While near-month futures spiked to an all-time highs last week, and the 2006 strip standing at $11.93, two analysts predict the gas market will scale back down by about 33% next year to range between $7.15 and $8/Mcf after the hurricane recovery is complete. Prices, they said, should remain just above $6 over the long term.
It's a sharp drop from the current market environment, but it should still allow independents to continue their focus on long-lived assets, especially unconventional gas resources, said Lehman Brothers' Jeff Robertson and RBC Capital Markets' Joe Allman. The two analysts spoke Wednesday at the annual meeting of the Independent Petroleum Association of America in Houston. Both said their companies are forecasting oil and gas prices will remain volatile at least through 2006.
"What will carry the day in terms of prices is not what the long-term prices will be but where is the market," Robertson said. "The cost of doing business is going up, and we do believe the cost of adding reserves has increased steadily. In 2006, costs will continue to rise." Lehman's 2006 price deck is currently $8/Mcf.
Robertson said the costs associated with Hurricanes Katrina and Rita led to a sharp spike in gas prices during September, and at least through the first part of 2006, the aftermath from the storms will pressure prices. However, over the long term, oilfield service costs will be up, and finding and development costs will continue to rise.
In agreement, Allman told the audience, "we think high natural gas prices are here to stay." Through the winter, several weather forecasters are predicting a cold winter in the Northeast. However, because the Northeast uses more heating oil than the rest of the country, the "most important region to watch for natural gas prices is in the Midwest. This is the area to watch."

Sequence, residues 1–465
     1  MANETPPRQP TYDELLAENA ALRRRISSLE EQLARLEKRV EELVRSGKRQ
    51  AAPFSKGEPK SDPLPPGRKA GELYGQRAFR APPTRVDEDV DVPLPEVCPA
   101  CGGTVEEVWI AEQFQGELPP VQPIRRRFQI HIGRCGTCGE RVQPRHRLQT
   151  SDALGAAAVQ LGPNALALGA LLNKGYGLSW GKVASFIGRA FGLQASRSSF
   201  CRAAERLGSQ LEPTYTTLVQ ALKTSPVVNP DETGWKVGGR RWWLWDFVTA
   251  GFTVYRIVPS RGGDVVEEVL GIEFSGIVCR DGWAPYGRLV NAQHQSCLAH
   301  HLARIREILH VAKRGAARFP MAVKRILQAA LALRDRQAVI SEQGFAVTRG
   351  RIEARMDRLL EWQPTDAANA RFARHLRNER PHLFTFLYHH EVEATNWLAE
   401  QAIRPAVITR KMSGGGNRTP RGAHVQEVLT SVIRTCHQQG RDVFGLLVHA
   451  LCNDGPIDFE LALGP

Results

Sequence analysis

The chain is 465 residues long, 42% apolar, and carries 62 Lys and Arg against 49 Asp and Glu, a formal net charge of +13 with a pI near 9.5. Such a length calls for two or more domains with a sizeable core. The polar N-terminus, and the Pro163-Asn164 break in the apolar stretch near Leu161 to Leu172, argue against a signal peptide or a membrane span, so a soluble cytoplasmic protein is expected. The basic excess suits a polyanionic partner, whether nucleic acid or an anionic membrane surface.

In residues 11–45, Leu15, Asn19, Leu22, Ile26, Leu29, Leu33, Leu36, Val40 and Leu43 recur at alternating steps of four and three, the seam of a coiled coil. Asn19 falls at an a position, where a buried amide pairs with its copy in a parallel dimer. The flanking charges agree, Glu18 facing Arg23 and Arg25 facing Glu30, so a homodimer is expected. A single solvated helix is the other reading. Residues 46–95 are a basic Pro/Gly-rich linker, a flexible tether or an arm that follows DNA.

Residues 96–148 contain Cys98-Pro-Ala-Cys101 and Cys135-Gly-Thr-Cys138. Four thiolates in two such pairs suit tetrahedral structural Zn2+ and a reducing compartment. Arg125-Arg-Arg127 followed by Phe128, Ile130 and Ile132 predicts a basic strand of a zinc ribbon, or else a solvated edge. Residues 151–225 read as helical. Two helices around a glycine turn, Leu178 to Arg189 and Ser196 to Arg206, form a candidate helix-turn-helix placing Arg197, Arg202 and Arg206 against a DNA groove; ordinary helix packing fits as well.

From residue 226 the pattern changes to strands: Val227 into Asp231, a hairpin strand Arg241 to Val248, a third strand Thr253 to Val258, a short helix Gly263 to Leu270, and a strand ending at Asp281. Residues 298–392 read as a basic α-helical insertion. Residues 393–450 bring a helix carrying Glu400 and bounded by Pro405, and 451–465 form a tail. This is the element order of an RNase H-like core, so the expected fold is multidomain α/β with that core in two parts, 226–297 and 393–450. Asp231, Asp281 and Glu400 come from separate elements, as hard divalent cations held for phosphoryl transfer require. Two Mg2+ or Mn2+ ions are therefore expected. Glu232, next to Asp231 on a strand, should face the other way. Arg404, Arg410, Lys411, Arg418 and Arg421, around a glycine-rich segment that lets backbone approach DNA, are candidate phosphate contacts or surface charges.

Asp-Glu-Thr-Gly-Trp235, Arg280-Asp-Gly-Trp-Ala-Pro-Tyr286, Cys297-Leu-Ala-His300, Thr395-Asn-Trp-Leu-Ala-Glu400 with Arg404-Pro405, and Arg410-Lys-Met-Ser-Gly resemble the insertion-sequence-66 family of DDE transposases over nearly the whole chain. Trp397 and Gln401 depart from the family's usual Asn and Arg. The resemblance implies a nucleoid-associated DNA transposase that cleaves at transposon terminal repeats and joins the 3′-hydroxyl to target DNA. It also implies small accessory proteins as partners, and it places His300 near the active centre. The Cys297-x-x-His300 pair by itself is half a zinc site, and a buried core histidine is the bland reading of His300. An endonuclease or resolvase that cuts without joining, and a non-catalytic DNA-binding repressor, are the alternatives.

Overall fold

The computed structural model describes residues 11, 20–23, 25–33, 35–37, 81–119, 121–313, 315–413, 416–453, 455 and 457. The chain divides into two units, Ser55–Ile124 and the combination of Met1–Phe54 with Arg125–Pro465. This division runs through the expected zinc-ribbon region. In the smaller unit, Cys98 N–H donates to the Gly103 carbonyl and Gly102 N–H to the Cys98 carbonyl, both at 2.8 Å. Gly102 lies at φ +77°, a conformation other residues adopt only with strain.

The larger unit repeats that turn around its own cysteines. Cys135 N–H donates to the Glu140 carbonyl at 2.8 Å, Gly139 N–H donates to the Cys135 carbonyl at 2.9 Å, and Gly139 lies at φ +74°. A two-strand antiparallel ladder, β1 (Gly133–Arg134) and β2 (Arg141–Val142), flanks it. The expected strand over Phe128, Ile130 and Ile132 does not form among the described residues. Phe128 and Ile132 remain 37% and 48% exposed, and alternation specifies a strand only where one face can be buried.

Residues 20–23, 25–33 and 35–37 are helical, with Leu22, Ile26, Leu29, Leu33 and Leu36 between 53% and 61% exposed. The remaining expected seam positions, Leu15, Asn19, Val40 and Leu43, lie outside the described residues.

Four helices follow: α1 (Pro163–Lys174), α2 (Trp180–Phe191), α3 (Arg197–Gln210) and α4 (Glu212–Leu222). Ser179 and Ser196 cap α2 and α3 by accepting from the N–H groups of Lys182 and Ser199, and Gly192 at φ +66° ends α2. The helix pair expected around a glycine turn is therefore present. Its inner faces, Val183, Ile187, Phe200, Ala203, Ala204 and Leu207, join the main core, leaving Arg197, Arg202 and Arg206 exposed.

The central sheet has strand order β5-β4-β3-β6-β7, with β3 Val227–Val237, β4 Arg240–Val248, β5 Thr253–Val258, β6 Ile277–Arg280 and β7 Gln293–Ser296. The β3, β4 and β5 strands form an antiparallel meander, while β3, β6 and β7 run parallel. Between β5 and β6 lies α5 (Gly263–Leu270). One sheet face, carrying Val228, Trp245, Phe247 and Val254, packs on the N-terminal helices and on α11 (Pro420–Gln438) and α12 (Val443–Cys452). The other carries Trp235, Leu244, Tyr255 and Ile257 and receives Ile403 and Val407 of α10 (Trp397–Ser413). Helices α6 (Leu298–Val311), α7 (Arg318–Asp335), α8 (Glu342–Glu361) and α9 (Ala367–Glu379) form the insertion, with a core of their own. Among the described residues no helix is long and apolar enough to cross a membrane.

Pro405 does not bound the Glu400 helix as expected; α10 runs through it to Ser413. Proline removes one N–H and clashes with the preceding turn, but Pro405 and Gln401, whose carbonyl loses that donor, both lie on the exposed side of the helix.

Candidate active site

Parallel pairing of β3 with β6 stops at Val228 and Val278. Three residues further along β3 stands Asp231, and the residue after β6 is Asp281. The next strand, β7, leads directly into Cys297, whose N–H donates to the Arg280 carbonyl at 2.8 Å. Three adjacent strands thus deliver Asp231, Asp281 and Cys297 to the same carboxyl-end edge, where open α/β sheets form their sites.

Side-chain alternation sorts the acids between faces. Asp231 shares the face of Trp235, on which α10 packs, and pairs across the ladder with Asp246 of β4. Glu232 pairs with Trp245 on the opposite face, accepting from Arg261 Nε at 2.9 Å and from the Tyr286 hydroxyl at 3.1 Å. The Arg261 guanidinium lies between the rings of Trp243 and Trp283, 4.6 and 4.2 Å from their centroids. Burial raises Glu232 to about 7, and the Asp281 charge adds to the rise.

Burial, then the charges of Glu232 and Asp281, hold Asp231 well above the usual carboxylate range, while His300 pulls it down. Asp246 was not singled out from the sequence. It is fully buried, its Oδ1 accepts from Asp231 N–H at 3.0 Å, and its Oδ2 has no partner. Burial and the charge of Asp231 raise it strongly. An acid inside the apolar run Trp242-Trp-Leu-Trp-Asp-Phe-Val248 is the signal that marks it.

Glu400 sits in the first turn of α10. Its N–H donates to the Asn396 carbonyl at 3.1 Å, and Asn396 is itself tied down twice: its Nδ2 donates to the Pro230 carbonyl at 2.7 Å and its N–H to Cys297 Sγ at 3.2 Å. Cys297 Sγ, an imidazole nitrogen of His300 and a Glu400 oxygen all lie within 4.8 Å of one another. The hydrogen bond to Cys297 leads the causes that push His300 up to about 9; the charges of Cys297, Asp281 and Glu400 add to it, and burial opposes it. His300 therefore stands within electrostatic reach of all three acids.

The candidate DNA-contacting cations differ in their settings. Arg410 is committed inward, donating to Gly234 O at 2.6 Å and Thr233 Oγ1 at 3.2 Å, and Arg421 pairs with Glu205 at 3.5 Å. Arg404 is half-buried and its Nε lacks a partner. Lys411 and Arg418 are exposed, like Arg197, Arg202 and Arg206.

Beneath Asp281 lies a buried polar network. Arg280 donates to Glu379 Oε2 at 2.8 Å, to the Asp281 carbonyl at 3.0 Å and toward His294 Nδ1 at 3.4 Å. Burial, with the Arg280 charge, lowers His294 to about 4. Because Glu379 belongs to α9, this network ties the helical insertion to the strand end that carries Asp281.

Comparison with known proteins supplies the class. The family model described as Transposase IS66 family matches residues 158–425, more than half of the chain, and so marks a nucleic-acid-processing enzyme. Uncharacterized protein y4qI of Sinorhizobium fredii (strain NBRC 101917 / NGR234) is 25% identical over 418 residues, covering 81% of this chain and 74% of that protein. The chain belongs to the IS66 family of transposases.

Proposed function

"Prices will not collapse," said Allman. RBC's latest gas price forecast is $7.55/Mcf, but Allman said that price "may need to be raised. In the long-term, we see prices of $6 to $6.75." He said at some point, gas could settle at a $4.50 floor, but "we're never going to see $3.50 again."
Eventually, said Allman, rising imports of liquefied natural gas (LNG) to the United States "will come to the rescue, but the Alaska pipeline is 10 years out...the Mackenzie [Delta] pipeline is at least that long...The rig count is up, but production is down. And the majors are not investing in domestic gas...they are more focused on LNG...For this reason, natural gas is not going back to four bucks or even five bucks."
RBC also is forecasting more LNG imports, with up to 10% of U.S. supply coming from LNG by 2010. Allman noted LNG imports totaled 1.8 Bcf/d in 2004, and this year are expected to peak at about 2 Bcf/d. By 2006, imports will rise to 2.8 Bcf/d, and then will rise to 4 Bcf/d by 2007, he said.
"Existing LNG facilities are not yet at capacity," said Allman. "What we will see this winter are some spikes, which usually occur in the summer." In October, he said LNG imports to the United States will top out at about 2 Bcf/d, with "more in November and more in December."
Although the buzzword continues to be unconventional gas, consolidation by exploration and production (E&P) companies also is expected to be a hot issue into 2006, said Robertson. "There are a lot of companies with a lot of cash. In the near term, inventory is important," and companies holding "a lot of drilling opportunities" are more attractive to some of the larger independents and majors.
There are "some nice prospects" in the deepwater Gulf, and in the "underappreciated and unexploited" Appalachian region, but overall, "long lived assets are in vogue. Acreage is king."
Robertson said he also has "started getting a lot of questions on oilfield services." Because E&Ps can't add capital onshore in U.S. drilling, and because they are trying to be more efficient with their budgets, investments in oilfield services, such as rigs, is one area of interest. He noted Chesapeake Energy Corp. is the largest shareholder of Pioneer Drilling, and it also has made its own rig investments to lower the costs of drilling.
Noting the recent industry criticism by members of Congress, and the possible imposition of a windfall profits tax, Robertson said, "what seems to be missing is that this is still a hard business. We really think this is a tough business even if commodity prices are high."
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